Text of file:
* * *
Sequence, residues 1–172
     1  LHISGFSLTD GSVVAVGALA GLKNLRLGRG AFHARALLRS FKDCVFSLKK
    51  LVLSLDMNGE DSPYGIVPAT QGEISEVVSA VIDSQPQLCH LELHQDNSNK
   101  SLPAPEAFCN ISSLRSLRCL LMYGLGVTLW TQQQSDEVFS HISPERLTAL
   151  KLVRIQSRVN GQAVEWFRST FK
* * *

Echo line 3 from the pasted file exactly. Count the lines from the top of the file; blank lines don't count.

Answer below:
    51  LVLSLDMNGE DSPYGIVPAT QGEISEVVSA VIDSQPQLCH LELHQDNSNK